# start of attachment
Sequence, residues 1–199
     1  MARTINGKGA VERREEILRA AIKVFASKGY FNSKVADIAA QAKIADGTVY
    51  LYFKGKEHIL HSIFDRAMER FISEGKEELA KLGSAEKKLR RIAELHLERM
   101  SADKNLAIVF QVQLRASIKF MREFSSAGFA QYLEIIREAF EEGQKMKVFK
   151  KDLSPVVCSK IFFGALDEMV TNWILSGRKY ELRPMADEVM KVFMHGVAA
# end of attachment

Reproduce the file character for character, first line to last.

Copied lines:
Sequence, residues 1–199
     1  MARTINGKGA VERREEILRA AIKVFASKGY FNSKVADIAA QAKIADGTVY
    51  LYFKGKEHIL HSIFDRAMER FISEGKEELA KLGSAEKKLR RIAELHLERM
   101  SADKNLAIVF QVQLRASIKF MREFSSAGFA QYLEIIREAF EEGQKMKVFK
   151  KDLSPVVCSK IFFGALDEMV TNWILSGRKY ELRPMADEVM KVFMHGVAA